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designing a friendly neighborhood

Designing a Friendly Neighborhood

Designing a Friendly Neighborhood

3-3-2018  I love to envision our new, friendly neighborhood with beautiful homes and new, even stronger community connections.  I asked town planner Lois Fisher for some things we can do in the design of our homes to foster that friendly atmosphere. Stay strong neighbors and keep your eyes on the future! pvh

Have you ever wondered why some neighborhoods seem to be full of people that are connected, whereas other neighborhoods feel like residents are on their own?

There is a branch of urban design called “The Social Aspects of Environmental Design” that has some answers. It turns out that

Neighborhoods with strong social ties, mutual assistance and non-profits can increase life expectancy by 5 years and reduce fatality rates by a factor of 10 during disasters”.

~ from Eric Klineberg

What are the things that you can do while selecting or designing a floor plan to increase neighborliness in Coffey Park?

One of the most important qualities of cohesive neighborhoods is that the structure of the street allows them to comfortably interact. Looking at the photos below, which street scene looks friendlier? Which one would contribute to letting the residents get to know each other?

street with garages prominent
Street with garages prominent
Street view with porches in front
Street with porches in front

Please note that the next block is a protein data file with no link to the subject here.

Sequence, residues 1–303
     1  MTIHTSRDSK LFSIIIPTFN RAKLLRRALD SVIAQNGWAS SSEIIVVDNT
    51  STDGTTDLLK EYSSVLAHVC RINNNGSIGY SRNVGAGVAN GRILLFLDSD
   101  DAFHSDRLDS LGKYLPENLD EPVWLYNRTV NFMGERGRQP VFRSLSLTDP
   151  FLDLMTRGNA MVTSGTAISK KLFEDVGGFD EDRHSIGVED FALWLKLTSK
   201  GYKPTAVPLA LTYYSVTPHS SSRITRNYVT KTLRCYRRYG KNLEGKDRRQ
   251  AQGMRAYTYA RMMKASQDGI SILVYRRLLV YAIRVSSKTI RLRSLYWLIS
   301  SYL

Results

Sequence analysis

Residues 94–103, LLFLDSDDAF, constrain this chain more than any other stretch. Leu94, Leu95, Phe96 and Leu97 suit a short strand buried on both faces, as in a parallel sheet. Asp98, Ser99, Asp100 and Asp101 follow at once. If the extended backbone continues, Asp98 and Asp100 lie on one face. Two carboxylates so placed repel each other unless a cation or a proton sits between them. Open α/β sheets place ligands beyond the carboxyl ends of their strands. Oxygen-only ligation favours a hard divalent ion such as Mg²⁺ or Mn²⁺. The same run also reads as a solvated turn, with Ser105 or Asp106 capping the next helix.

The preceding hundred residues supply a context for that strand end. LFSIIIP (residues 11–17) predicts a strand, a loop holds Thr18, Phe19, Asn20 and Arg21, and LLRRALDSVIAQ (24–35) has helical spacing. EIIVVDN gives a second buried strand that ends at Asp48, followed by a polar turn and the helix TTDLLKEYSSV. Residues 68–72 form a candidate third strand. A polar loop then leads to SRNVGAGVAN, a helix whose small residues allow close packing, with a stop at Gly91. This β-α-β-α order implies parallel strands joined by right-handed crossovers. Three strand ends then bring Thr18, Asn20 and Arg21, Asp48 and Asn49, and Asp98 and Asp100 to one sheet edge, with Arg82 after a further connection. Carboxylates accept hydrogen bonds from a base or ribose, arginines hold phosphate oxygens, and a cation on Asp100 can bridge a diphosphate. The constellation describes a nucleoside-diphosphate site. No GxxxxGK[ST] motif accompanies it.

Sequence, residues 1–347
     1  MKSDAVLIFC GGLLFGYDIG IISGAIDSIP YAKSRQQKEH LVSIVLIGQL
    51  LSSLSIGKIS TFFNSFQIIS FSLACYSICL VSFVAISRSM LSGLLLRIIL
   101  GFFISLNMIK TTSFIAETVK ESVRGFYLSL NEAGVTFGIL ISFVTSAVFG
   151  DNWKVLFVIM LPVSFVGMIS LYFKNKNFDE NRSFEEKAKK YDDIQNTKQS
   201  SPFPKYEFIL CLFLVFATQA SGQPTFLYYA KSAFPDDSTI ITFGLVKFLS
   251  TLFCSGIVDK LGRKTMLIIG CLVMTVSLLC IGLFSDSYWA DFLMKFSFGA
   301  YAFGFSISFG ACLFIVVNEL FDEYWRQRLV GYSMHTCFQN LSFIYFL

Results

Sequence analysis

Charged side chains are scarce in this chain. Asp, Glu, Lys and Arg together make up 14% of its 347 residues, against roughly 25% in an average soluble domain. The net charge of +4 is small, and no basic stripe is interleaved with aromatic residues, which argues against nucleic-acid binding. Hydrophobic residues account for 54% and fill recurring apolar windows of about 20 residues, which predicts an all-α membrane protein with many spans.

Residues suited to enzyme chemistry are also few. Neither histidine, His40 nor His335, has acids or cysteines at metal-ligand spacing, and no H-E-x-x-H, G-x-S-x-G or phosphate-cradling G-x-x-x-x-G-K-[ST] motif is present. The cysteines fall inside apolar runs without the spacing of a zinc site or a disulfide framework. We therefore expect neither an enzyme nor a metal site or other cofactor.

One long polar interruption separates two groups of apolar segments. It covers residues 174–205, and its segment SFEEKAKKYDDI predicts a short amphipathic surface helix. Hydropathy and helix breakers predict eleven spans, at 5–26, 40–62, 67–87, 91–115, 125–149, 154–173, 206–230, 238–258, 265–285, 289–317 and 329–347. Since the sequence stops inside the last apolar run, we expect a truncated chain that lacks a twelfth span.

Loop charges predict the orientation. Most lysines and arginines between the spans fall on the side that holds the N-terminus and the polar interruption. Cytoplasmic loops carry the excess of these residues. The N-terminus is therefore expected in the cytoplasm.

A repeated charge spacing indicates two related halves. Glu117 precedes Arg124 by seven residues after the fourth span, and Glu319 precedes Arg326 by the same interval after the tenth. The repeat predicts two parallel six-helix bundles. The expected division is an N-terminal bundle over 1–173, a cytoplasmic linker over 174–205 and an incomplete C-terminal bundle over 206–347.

Most people would say that the street in the second image, with the porches in front of the houses is the more socially connected street. That is because the active areas of the house, with people in them, are behind the porch. It is more likely that you will informally meet a neighbor if they live in a house with a porch that is close to the street, instead of a house with a hidden entrance to the side of the garage.

The Santa Rosa city zoning code allows buildings in residential districts to put the porch 15’ behind the sidewalk, 4’ closer than the garage. (Your particular zone may allow it to be even closer to the sidewalk.) Have you thought of adding a large porch to your rebuilt house? It could be your contribution to making your whole neighborhood safer and more neighborly.

If you have the good fortune of having a corner lot, you might consider a wrap around porch. That way your new house will be connected to both streets.

house with wrap around porch
Wraparound porch faces both streets

Another feature of resilient neighborhoods is that people have a chance to meet on foot because walking around the neighborhood is an enjoyable activity.  Which of the streets below look most inviting to go for a walk?Comparing streets with and without street trees in the planter strip

Comparing streets with and without street trees in the planter strip

If you previously paved over your planter strip, how about opening it up again and planting a street tree getting your neighbors to do the same?

These are ideas are some ways for you to help make Coffey Park even more safe and neighborly in its new incarnation- because of the way that you design your new house and lot.

Lois Fisher

Lois Fisher, CNU, LEED-AP and LEED-ND is the president of Fisher Town Design and an Urban Designer. Her firm specializes in creating walkable downtowns and neighborhoods as an alternative to suburban sprawl. Her approach combines an understanding of the unique assets of a site with the timeless principles of urban design. The result is healthy, socially and economically vital places that are sustainable. Her Theatre district project in downtown Petaluma is a very successful urban design redevelopment project. The successful relocation of the North Santa Rosa SMART station from Frances Drive to Guerneville Road is another example.